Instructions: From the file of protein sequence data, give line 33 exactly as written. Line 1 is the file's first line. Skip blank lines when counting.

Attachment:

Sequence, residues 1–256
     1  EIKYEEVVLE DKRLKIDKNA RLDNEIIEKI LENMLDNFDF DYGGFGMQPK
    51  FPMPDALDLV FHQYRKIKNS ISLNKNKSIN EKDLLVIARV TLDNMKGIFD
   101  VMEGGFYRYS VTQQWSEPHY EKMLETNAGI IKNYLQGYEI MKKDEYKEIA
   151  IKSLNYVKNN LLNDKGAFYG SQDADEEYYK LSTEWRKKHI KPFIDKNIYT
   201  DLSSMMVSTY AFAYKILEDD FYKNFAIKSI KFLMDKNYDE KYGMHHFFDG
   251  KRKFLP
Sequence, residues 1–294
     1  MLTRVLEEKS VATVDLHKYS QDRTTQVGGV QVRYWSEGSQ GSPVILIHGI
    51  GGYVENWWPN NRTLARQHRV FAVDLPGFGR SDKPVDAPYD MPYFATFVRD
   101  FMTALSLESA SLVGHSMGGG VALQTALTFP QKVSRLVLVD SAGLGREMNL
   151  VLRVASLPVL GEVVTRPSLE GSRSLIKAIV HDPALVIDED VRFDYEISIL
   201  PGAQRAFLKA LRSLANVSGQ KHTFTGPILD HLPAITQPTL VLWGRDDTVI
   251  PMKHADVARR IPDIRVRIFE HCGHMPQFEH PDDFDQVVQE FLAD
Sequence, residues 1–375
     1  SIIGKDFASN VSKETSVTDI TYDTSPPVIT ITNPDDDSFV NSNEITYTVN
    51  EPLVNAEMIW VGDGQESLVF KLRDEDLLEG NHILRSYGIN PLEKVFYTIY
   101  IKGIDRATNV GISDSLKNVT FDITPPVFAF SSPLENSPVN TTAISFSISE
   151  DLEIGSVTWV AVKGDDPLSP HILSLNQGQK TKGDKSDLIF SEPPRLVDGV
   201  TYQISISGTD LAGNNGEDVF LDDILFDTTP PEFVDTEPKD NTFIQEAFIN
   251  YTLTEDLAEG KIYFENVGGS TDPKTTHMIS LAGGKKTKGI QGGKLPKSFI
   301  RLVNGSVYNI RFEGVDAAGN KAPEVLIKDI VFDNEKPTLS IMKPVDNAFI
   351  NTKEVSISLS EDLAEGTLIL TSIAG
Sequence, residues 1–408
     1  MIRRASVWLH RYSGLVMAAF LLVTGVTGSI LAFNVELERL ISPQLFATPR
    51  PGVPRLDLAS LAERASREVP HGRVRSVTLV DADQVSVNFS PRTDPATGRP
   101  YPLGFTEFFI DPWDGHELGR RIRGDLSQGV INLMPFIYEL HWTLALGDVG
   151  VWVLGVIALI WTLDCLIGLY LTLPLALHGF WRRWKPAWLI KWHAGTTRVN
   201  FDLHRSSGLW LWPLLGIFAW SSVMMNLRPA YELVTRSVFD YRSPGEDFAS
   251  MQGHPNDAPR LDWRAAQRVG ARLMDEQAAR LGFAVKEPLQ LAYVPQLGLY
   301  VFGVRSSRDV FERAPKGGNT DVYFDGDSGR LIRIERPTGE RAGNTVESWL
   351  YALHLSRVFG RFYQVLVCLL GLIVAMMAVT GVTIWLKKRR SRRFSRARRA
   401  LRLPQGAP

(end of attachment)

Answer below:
   401  LRLPQGAP